The current focus of the digital identity community is on interoperability. That is critical work, but only a starting point for the long-term goal of enabling true front-end and back-end portability.
The focus of interoperability in the DID/VC/SSI/OIDC/SAML/PKI eco-system is analogous to enabling mobile phones on different carriers such as AT&T, Verizon, Rogers, T-Mobile, Vodaphone and others to communicate with each other. We have not yet reached the maturity of interoperability that allows for the equivalent of number portability at this time.
That level of interoperability requires us to invest time, thinking and treasure across two dimensions (1) front-end portability and (2) backend portability.
Front-end portability, particularly within the context of the W3C Decentralized Identifier (DID) ecosystem, means that a person should have the ability to move the identifier(s) they own and control from one system to another without any loss of functionality.
This would analogous to someone porting a mobile phone number from one carrier to another and being able to send and receive calls at the same number.
The current work in the DID/VC ecosystem is focused on getting an organization or a person to buy into utilizing a DID issued by its supporting infrastructure and then ensuring the cross-infrastructure resolution of that DID.
It does not allow a person to move this identifier from one issuance infrastructure to another.
What I am envisioning is the ability to generate multiple DIDs for myself …
did:me:7fcdc213-7713-4004-9cf8-b2c645517365 « Something I use for financial transactions
did:me:95c6e3f6-4e12-4b96-bee7-35adcd84dd4d « Something I use for government transactions
did:me:0b681aa0-95c8-4748-b3f4-95d264eeaa57 « Something I use for social media
did:me:f20a8f0c-865b-4826-bdae-23bc5a68bc3a « Something I used one time only
… and then have the ability to associate my DID, at a time and place of my choosing, with a particular “support infrastructure” a.k.a back-end. You will note that I deliberately did not use the word “issuance infrastructure” here.
Some additional points worth thinking about:
- It would be interesting if the W3C DID WG chose to ‘reserve’ some DID method names (e.g. did:me, did:self etc.) in anticipation of this type of a portable future
- The DID method-specific-string is generated as a Version 4 UUID, using a secure random number generator and conformant to RFC 4122. I think you want to enforce true randomness and global uniqueness here and prevent leaking of any PII.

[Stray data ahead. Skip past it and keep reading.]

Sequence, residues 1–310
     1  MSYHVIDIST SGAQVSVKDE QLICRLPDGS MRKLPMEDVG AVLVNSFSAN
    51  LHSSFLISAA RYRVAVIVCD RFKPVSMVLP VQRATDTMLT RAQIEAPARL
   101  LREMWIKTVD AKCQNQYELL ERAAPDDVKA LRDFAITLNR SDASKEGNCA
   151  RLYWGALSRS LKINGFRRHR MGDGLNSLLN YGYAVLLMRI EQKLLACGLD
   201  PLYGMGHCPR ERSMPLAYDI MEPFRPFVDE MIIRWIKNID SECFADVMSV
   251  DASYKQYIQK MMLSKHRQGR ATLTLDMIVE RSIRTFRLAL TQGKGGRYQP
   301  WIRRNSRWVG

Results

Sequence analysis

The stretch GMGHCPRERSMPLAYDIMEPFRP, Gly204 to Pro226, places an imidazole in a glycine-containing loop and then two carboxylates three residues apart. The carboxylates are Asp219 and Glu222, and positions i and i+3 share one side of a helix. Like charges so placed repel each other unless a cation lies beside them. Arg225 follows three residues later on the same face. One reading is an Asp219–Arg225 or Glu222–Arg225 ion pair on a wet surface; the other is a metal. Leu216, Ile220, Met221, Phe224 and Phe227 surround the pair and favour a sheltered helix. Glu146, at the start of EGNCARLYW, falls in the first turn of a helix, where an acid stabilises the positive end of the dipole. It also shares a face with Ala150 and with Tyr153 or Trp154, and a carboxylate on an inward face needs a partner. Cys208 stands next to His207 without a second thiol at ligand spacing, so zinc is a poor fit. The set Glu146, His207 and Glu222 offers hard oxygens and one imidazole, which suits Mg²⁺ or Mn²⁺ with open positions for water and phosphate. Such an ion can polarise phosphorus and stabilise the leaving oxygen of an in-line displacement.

- It is VERY IMPORTANT to allow a person to have as many DIDs as they want to mitigate correlation risk. This should fully support a unique DID for every major relationship a person may choose to have or even support single use DIDs.
- While not a DID based infrastructure, the Government of Canada’s GCKey Infrastructure is a good working example of allowing a single person to generate multiple identifiers. I truly appreciated this as a US Citizen seeking to reserve a backcountry permit in a Canadian National Park!
- It is important to always keep in mind that a strong assertion of ‘sameness’ is NOT the same as a strong assertion of ‘identity’, and that multiple DIDs enable the first and can support the second.
However, in order to enable portable identifiers, the current generation of DID issuance infrastructure needs to evolve into DID support infrastructure that can support someone bringing their own DID.
A starting point for this is the joint work of the W3C CCG and the DIF on “Encrypted Data Vault / Secure Data Store” which “… describes a privacy-respecting mechanism for storing, indexing, and retrieving encrypted data at a storage provider. It is often useful when an individual or organization wants to protect data in a way that the storage provider cannot view, analyze, aggregate, or resell the data. This approach also ensures that application data is portable and protected from storage provider data breaches.”
The future is … portable
There remains much work to do to ensure interoperability of current systems and we should absolutely do that. At the same time, we also need to realize that interoperability is a stepping stone to a future that provides true choice and agency to an individual. And that future requires us to think about how best we can ensure portability in addition to interoperability.
cyberforge: random and relevant
Self-Sovereign Identity Principles #6 - Portability. Information and services about identity must be transportable. Identities must not be held by a singular third-party entity, even if it’s a trusted entity that is expected to work in the best interest of the user. The problem is that entities can disappear — and on the Internet, most eventually do. Regimes may change, users may move to different jurisdictions. Transportable identities ensure that the user remains in control of his identity no matter what, and can also improve an identity’s persistence over time. This principle is currently being revised.
Finalists Announced in Digital Wallets Prize Challenge. Dignari, LLC, Indicio.tech and Trinsic were the winners of the Stage 1 prize (each taking home US$5000) in the DHS Science and Technology Directorate (SVIP Sponsored) Digital Wallet UI/UX Prize Challenge!